Food Price Rise in India
Akshaya Pandey, Chandan Jha, Gyan Vikas, Tarun Rawat
Food price rise in India
Last couple of months have seen sharp increases in food prices in India. The inflation in prices of basic food materials has raised alarms for the government as well as for common people. According to figures released by commerce industry on 18th Feb 2010, the annual inflation in food prices rose to 17.97% for the week ended on February 6, as compared to 17.94% in previous week. In spite of promises from the Agriculture Minister Mr. Sharad Pawar and Finance Minister Mr. Pranab Mukharjee, government has failed to bring down the prices. Rise in sugar price in last couple of months is one such example. There has been a sharp fall in sugar production in India. Ironically, this has happened in a nation which is the largest consumer of sugar in world. The government is hoping for a record production of wheat this year and slight reduction in sugar prices in coming months. But, a lot depends on various factors responsible for this volatility in food prices. Millions of people have to cut their food consumption so that they can coax it with their monthly budget. All of this is the result of the backdrop of various policy decisions made by the government and rise in the role played by the agro – business and financial companies in Indian Food Market. The price rise of some essential items over 52 weeks as reported in Times of India is: Potato: 40.57 %, Pulses: 41.24 %, Cereals: 12.15 %, Rice: 9.90 %, Milk: 14.16 %, Wheat: 15.47 %, Vegetables: 20.97 %, Fruits: 8.67 % . The whole sale price index of food prices is increasing at the highest rate since last 11 years. This turnaround can be attributed to imbalance between demand and supply. On one hand, we have increasing population, income growth and increased consumption while on the supply side we find lower production due to natural disasters, declining trend in arable land, unavailability of good irrigation water and rising production and transport costs due to its association with oil prices. The saddest point is that it is coinciding with highest GDP growths each quarter. The common argument given for price rise is that Indian Population has risen at a much faster than Food Production. This inability of Food Production to keep pace with population rise has resulted in Demand – Supply mismatch, causing a rise in prices. However, this phenomenon cannot be explained by such simplistic reasoning. In this article, we are making an effort to analyze various factors responsible for this phenomenon. We will identify various forces involved in this crisis and actors influenced by this. Farmers are the most directly associated people with food. They are in the beginning of this food supply chain. Government plays the role of a facilitator and provides a partial interface between producer and consumers through its schemes such as PDS, MSP etc. It acts as a policy maker with its decisions having a far reaching impact on Food Production & Food Price within the country. With the changing policy framework, a new dimension has been added to the Indian food market in the form of corporations & large retailers. They are playing an increasing role in the production & procurement of food and are now a major force to reckon with. With the introduction of Commodity trading and derivatives, the food prices are now closely linked to the Financial Institutions and Traders. Rising input prices:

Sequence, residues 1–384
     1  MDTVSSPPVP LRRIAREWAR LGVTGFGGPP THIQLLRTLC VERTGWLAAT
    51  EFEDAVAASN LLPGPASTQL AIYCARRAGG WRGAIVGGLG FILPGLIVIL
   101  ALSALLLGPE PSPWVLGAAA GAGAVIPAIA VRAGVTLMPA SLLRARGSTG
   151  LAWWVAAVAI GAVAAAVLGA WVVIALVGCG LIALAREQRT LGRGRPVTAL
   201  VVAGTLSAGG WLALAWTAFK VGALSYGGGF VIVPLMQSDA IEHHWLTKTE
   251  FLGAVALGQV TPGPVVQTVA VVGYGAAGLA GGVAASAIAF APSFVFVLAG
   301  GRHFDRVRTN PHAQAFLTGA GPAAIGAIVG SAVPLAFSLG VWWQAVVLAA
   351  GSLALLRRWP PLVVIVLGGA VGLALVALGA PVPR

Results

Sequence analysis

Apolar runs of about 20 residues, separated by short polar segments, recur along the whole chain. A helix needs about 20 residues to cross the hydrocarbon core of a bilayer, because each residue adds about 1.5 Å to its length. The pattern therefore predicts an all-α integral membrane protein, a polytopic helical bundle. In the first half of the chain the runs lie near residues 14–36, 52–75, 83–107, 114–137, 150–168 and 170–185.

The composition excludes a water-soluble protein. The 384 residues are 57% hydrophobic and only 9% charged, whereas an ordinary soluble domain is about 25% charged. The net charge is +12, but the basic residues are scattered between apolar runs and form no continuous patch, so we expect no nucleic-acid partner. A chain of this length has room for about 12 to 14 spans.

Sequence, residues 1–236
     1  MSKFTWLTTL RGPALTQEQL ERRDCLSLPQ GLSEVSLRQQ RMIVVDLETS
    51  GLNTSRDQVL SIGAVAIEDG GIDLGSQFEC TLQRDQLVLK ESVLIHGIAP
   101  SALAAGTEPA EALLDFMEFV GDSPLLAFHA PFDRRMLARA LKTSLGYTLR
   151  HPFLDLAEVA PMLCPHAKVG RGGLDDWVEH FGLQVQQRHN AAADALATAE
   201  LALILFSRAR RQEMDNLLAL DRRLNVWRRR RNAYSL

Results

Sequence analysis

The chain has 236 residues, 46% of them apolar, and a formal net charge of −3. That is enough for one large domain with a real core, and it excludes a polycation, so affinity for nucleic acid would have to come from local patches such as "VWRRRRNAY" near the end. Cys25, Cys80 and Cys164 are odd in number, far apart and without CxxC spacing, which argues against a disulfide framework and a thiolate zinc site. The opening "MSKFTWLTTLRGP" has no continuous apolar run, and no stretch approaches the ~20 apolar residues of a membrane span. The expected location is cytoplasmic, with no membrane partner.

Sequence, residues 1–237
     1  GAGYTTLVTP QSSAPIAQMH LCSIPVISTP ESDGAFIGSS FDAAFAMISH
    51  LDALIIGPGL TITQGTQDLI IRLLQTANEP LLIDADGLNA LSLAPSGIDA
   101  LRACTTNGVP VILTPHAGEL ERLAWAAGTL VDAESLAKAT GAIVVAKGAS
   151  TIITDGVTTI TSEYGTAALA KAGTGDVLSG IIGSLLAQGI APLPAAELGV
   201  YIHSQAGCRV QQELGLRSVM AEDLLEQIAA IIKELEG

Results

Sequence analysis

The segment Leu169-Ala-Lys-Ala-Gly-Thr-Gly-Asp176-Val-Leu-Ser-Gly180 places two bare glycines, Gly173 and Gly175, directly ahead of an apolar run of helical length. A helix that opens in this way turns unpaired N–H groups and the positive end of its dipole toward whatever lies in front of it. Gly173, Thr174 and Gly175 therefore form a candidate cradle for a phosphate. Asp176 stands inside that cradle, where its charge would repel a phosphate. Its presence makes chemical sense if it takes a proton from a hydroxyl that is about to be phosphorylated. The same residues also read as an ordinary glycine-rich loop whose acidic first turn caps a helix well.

Cost of production in agriculture is an important factor in rising food prices. With increasing inflation, input items are getting costlier day by day. Consider Fertilizer which is an international commodity. The subsidized retail price for chemical fertilizers has remained unchanged since February 2002. But, the use of fertilizer has increased several percentage points since then and it is visible in the amount of fertilizer that government has to import from outside to cater to this...